1563 All communities responsible for the 1563 taxes were required to maintain community registers, pinkasim,  so regardless of the date of founding of Lyakhovichi, a register had to have been in existence from this date.   Chevra Kadisha records and pinkasim of other organizations were not mandated and so might have started at any time, those of the Slutsk Chevra Kadisha began in 1679. This is the same year that the Council of Trent ordered Catholic parishes to begin keeping registers of   baptisms, marriages, confirmations, and later required burials as well.

1563 is the date said to be the “founding of Jewish communities in Ostroja, Dvoretz, Lachevitz and Toratz, but two of the towns are recorded with Jews in earlier tax lists. It may refer to the date charters or privileges were received or renewed.

1564 A Jew from Lyakhovichi,   Samuel ben Israel, is named by the King’s Agent as one of 2 de facto rulers of Brest-Litovsk region during a time of epidemic.

1564 King Sigmund Augustus responded to a horrific charge of ritual murder in nearby Brest-Litovsk in 1564 by banning the charge in the Commonwealth, saying all such charges were groundless. (At his death in 1572 Jews all over Poland-Lithuania noted the death of the “righteous king” in their community registers)

1566 Taxes were levied on the Jews of Lithuania in the amount of 6,000 shuk grushim. The following communities were told to pay 3,760: Brisk - 1300; Lutzk - 500; Ostroja - 500; Ludmir - 300, Troki - 300; Grodno - 200; Tiktin - 170; Kremenitz - 150; the Jews of Novogrodok, Slonim, Lyakhovichi, Kletzk, Toretz, Chochri, Makas, Vilna and Kovno - altogether - 250.

1569 The Union of Lublin ends the right of Jews in Lithuania to dress as nobles and to travel armed with swords.

1572 New settlers including Jewish craftsmen and merchants welcomed into settlements owned by Chodkiewisz such as Skuodas Lithuania (possibly including Lyakhovichi). Chodkiewisz allows Jews to rebuild their older structures in stone on his properties.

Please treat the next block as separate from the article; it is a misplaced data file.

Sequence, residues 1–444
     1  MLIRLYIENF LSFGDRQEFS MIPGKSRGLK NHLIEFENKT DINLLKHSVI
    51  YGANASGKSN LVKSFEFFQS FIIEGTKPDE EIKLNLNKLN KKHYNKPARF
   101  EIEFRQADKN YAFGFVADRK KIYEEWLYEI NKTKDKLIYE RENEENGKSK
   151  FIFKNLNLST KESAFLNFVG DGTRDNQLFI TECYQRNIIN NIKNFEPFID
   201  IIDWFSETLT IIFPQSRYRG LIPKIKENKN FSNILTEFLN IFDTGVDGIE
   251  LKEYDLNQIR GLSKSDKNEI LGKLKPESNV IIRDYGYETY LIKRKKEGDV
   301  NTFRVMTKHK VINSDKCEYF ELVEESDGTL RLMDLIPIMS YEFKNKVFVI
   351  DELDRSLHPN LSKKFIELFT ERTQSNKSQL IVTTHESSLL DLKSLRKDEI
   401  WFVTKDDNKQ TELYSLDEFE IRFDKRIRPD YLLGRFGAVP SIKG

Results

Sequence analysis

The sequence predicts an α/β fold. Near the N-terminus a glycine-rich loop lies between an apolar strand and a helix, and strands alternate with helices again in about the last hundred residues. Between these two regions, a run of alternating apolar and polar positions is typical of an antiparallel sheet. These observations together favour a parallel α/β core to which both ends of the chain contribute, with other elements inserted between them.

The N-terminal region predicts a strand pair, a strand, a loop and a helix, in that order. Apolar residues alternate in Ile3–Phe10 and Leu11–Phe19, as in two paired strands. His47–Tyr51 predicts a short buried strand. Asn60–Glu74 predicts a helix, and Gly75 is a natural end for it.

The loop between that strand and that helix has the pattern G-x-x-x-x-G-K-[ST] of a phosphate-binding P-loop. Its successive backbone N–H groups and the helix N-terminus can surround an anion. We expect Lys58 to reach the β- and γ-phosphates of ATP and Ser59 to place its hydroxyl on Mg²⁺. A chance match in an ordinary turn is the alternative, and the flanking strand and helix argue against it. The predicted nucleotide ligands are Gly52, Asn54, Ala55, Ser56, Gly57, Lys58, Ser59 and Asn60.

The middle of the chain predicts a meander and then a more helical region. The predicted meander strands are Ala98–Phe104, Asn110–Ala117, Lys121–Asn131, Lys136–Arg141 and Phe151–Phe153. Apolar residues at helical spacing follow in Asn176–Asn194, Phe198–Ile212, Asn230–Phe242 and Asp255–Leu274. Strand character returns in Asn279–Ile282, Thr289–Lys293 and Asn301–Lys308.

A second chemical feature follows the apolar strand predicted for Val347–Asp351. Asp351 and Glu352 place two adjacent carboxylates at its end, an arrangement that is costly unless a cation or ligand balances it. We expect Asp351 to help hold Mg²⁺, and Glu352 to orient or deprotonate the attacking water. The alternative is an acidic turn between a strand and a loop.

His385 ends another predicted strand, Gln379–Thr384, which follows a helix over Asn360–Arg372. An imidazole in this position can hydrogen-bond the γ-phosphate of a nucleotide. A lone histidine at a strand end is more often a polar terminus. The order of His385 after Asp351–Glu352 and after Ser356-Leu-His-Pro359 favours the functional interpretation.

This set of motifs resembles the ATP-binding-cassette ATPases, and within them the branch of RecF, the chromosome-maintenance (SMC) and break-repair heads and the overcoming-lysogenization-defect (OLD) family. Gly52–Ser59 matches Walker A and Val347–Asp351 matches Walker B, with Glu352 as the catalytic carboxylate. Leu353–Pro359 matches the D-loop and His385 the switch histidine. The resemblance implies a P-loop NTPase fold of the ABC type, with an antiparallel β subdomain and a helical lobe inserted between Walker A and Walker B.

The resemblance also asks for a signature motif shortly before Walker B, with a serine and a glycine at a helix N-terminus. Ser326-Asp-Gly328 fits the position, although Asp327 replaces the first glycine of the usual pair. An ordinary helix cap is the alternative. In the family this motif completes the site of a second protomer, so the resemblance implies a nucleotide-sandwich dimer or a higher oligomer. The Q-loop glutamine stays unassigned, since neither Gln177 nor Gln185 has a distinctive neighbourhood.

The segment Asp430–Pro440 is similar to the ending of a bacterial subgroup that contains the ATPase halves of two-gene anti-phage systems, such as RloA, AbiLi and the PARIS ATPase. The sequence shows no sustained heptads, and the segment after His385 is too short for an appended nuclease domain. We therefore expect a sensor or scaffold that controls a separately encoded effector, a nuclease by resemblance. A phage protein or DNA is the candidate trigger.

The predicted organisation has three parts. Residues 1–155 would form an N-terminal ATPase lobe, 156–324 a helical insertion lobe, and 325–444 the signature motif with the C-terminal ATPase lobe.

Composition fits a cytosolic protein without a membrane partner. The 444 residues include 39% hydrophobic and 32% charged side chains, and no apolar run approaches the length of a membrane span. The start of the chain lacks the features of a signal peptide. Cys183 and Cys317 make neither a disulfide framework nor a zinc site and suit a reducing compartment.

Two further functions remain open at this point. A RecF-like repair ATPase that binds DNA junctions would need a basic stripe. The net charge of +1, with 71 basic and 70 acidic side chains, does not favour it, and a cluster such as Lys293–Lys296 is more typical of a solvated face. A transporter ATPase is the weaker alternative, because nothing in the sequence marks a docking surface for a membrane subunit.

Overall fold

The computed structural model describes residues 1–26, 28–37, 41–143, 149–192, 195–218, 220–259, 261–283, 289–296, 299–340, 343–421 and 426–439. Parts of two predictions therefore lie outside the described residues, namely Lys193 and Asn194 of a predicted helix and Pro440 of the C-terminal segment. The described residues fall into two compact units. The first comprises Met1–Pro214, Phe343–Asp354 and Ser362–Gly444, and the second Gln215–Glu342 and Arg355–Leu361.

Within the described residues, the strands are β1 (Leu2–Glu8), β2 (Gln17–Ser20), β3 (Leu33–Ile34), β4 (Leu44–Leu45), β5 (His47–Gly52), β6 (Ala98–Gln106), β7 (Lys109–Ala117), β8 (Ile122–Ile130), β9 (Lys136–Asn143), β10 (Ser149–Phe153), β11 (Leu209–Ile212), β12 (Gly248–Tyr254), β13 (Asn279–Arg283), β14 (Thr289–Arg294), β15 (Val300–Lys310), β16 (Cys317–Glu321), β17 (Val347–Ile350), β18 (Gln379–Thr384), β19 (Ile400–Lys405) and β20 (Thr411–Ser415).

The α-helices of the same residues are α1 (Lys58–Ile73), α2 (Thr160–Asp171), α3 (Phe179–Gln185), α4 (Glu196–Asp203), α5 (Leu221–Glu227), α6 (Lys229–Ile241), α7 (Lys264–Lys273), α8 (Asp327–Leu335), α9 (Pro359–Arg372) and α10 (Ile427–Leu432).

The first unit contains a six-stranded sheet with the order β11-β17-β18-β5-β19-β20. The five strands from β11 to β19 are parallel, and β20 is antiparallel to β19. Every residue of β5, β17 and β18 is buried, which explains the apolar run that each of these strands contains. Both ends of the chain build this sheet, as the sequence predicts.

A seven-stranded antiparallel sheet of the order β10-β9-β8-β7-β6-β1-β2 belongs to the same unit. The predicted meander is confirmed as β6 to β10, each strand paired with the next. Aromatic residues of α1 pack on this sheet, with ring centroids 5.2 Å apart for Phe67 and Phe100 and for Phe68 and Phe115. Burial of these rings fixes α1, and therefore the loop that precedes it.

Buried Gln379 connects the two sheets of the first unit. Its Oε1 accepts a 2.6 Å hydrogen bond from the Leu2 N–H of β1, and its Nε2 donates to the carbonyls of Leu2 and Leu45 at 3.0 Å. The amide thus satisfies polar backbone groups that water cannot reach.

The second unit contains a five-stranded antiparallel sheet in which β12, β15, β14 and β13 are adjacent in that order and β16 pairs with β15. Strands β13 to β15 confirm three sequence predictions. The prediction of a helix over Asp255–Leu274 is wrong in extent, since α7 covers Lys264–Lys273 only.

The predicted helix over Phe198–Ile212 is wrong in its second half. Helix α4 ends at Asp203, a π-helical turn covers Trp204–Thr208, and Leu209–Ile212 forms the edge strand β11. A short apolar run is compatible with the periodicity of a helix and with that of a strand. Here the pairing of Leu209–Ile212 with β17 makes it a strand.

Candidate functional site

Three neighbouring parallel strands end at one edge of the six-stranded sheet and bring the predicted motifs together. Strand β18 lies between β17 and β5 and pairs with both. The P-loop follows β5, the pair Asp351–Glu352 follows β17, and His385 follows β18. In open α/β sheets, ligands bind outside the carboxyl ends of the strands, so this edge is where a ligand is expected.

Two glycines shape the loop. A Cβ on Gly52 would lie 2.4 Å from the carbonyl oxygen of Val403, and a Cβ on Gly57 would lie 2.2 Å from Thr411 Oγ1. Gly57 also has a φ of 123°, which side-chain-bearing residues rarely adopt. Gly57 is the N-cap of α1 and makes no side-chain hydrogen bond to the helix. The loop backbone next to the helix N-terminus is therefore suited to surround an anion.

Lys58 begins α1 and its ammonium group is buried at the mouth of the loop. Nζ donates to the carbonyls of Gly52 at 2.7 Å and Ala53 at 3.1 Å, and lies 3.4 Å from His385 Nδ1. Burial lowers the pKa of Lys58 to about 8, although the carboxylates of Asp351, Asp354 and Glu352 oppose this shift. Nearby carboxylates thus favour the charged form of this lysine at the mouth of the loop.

1572 For the first time, Jewish communities in Poland and Lithuania noted the death of a King/Grand Duke in their minute books with the title “melech tzedek” righteous king when Sigismund Augustus died 26 Tammuz 5332, July 8, 1572.

1623 The communities of Kletsk and Lyakhovichi and neighboring towns on the same side of the river as Lyakhovichi (Kletsk was on that side until 1705) were transferred from Brest-Litovsk region to Pinsk region

1623 The Lithuanian Council of Provinces (Jewish governing organization) recognizes three regions – Brest-Litovsk, Pinsk, and Grodno   and joins with the Polish Council of Four Lands. Both have been in existence for around a century.

1648-1654 There was no interest among the town’s owners, the family of the military commander of the the Polish-Lithuanian Republic, in surrendering the city, its fort or its Jews, to the Cossacks, so the Jews of Lyakhovichi were not murdered in the Khmelnitsky Massacres.   During Russian-Polish War 1654-1667, Lyakhovichi was only city not invested by Russians and so again the cossacks were kept out.

1652 The Lithuanian Council of Provinces (Jewish governing organization) requires each town with a rabbi to maintain a Bet Midrash for adults and a Yeshiva for younger students and to maintain the students at the Jewish community’s expense.

1680s Grand Duchy of Lithuania takes a series of military censuses of fortified towns – we do not know if Lyakhovichi was among them, Slutsk was included in 1683 and 1689. Jews are part of the militias of most fortified towns in Lithuania